For the final race of day two, the breeze had built to 17-21 knots from the WSW. The race track looked fantastic from the starting area, and it was clear that the fleet would have some challenges sailing over (and sometimes through) the waves upwind. They were also destined to enjoy some excellent surfing downwind.

Lammens got off to another great start from the middle of the line and flipped into port with the first shift. Brauer/Neff, Siegal, Duncan and McNay were also going well.

Lammens had a two length lead at the top mark and led the fleet back out to the left side in the top third of the run. Brauer/Neff gained a little in the middle, but Lammens had the overlap going into the left gate. Lammens had a beautiful rounding and immediately put Brauer/Neff in the lane below the mark exit. Lammens put the hammer down and was gone! By the weather mark, Lammens was 10 lengths ahead and surfed home for the win. Brauer/Neff did a nice job of holding off Siegal for second. Siegal beat the pack home for third, McNay was fourth and Duncan fifth.

Overnight, Lammens and Siegal were tied for the lead with Golison seven points back in third.

Day three dawned a lot warmer and much calmer. The gradient breeze was still blowing from the SW, but on the racecourse, it was only in the six to8 knot range for the two races planned to complete the eight race series.

Race seven saw an even start with the pack slightly bunched at the boat. Critically, Siegal got a blinding start about four lengths up from Lammens and took the opportunity to plant him as they both tacked in the first shift, preventing Lammens from getting to the favored right side. Meantime, Lotz had pulled off another pin start and was launched on the left crossing back to the right. At the top mark it was Lotz, McNay and Gavin leading the charge, with most of the top teams hooked up in hot pursuit. Lammens, having been forced left twice by Siegal, rounded in the high teens.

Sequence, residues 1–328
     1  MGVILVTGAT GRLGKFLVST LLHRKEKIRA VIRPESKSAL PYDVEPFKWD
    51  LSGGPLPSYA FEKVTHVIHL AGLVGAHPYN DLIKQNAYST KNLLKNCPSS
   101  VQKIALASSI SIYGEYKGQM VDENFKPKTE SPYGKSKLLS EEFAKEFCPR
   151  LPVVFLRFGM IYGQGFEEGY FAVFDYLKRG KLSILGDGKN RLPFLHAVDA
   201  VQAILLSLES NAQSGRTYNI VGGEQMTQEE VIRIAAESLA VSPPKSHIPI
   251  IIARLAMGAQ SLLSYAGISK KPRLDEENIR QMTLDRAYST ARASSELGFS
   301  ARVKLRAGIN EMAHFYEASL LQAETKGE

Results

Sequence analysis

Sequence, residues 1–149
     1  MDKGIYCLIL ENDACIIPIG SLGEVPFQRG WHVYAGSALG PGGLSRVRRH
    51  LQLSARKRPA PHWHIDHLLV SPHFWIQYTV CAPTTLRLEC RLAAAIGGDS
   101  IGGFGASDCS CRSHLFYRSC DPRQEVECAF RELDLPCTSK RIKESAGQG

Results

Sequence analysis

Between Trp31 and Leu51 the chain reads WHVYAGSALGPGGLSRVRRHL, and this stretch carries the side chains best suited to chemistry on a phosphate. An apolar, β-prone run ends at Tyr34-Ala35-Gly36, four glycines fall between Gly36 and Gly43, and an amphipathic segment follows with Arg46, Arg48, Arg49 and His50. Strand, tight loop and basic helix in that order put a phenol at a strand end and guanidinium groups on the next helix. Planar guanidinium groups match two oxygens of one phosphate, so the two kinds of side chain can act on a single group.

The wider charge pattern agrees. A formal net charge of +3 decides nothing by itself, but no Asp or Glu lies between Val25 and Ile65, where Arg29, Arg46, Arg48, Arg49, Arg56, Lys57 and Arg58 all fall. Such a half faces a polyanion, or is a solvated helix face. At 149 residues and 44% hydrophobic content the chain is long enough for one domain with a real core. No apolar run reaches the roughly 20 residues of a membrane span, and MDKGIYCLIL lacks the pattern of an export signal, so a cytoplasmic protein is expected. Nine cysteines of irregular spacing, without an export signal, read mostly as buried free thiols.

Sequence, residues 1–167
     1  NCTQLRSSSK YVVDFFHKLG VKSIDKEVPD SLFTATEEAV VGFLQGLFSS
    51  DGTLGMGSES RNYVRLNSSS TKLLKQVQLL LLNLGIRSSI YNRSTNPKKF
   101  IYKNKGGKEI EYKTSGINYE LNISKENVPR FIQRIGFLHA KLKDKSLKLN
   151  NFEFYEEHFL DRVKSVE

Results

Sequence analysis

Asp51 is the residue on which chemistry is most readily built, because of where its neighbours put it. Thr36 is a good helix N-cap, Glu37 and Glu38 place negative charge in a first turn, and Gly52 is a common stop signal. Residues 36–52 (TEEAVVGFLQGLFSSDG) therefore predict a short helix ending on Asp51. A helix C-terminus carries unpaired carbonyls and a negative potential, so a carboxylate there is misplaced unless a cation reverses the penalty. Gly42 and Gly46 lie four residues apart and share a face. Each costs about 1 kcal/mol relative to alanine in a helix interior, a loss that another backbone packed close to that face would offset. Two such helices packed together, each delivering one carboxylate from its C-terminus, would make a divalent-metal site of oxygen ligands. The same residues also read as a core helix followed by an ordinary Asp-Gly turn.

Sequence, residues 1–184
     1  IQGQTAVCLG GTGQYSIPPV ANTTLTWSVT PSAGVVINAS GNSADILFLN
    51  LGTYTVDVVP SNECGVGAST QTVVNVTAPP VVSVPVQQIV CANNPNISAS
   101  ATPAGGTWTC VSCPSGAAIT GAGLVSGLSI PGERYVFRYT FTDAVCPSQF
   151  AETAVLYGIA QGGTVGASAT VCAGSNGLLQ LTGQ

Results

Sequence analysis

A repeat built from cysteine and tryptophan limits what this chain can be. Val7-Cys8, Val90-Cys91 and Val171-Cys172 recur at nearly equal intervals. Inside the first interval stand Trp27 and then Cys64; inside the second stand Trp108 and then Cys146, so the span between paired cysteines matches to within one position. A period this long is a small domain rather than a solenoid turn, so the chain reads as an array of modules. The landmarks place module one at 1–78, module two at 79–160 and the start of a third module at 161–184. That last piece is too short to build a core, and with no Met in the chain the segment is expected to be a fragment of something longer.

On the run, the right collapsed as the left came in strong, bringing up folks like Bush who worked the hard left-edge mercilessly. Lammens, trapped on the wrong side of the course by the pack, lost more ground.

On the second beat it was a question of taking the pressure to the right. The leaders were in the best position to make this plan work. Lammens found a nice lane as well and recovered about 10 boats.

On the run into the finish, the left continued to be favored, but with a boat-biased finishing line (finish line on opposite side of boat to start line,) the artful teams led back and protected the right at the end. Lotz managed this perfectly to claim the win, McNay and Gavin were able to hold on. Siegal scored a nice result in fourth and Duncan scored another five. Lammens recovered to ninth.